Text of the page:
Comedian Dane Cook has a popular joke about the board game Monopoly — it always ends with profanity-laced rants and playing pieces thrown across the room.
When Minnesota United FC goalkeeper Mitch Hildebrandt plays The Settlers of Catan with his roommate, midfielder Michael Reed, that joke becomes all too real.
“He gets so close to winning,” Reed said. “And almost after every game … he just starts cussing his mouth off.”
Hildebrandt said he was told even back in elementary school that he was too competitive, but he just hates losing.
“I get to the point where I want to flip the board over because he always wins,” Hildebrandt said.
While that aggressive streak may go overboard during a no-stakes pastime, Hildebrandt’s need to be the best has served him well in his soccer career. The 25-year-old has recently won the starting position over Matt VanOekel after largely serving as the veteran’s backup in his first two seasons with the Loons.
VanOekel was injured May 24 against the Carolina RailHawks. Now fully recovered, he hasn’t played except for appearances as a substitute in July exhibition games against the under-21 Mexican national team and Swansea City.
United coach Manny Lagos said both Hildebrandt and VanOekel are No. 1 goalkeepers, and that the starting choice just depends on who’s playing better. Since the Carolina game with Hildebrandt playing, United is 7-1-2.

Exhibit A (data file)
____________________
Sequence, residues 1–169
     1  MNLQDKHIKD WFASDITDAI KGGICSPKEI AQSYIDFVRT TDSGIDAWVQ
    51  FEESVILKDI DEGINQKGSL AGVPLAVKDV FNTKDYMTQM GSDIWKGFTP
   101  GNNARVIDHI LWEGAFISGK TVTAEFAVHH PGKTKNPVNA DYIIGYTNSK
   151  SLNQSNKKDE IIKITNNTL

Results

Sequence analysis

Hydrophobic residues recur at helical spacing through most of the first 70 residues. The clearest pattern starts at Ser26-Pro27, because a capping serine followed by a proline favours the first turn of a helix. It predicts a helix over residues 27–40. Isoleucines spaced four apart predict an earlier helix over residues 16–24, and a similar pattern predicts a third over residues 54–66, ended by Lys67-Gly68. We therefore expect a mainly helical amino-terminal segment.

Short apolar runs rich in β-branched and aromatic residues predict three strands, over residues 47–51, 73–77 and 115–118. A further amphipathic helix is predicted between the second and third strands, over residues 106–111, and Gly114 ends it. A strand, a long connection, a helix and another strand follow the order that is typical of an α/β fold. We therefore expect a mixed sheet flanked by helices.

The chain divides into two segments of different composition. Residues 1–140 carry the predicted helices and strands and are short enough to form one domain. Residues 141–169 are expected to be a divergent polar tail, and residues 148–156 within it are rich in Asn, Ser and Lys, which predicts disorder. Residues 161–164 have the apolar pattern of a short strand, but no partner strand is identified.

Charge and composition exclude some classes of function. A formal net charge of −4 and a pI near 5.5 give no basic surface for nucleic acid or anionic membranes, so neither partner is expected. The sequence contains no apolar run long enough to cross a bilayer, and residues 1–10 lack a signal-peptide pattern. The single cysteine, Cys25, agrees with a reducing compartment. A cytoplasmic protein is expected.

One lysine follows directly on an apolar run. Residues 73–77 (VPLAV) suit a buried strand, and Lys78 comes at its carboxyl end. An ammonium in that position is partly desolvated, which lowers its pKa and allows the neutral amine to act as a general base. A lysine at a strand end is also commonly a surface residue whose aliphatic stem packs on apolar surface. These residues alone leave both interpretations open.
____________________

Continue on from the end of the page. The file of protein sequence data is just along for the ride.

“Competition is … always tough on any player, particularly goalies, though, because you’re only competing for one spot,” Lagos said. “Some of the guys are competing for maybe several spots on the field when you’re a field player. My heart goes out to them as a goalie because that’s got to be tough to handle mentally.”
Hildebrandt said he’s used to the pressure. He’s been playing keeper since age 2 when his older brother would prop him up on the sofa and shoot soccer balls at him.
“Having two goalkeepers always vying for a spot really helps you because you don’t have time to be content with anything,” Hildebrandt said. “You always know that somebody’s pushing you.”
Goalkeeping coach Paul O’Connor said both Hildebrandt and VanOekel put the competition aside to be good training partners, which is good considering they can learn from each other. O’Connor said Hildebrandt’s strengths are his footwork, speed and work ethic. VanOekel’s are his hands, communication and ability to distribute the ball 70 to 80 yards.
Hildebrandt is improving his distribution and on-field interaction, but much of that comes with experience, O’Connor said. Hildebrandt is hard on himself, which is good in practice but can snowball into mistakes in game.
While Hildebrandt may be intense on the pitch and during board games, he’s usually pretty laid back. Reed said there’s an impression in the couch where Hildebrandt sits for hours playing video games or watching football.
“I put so much in training that I like to just kind of relax the rest of the day,” Hildebrandt said. “I’m actually kind of a very boring person when it comes down to it.”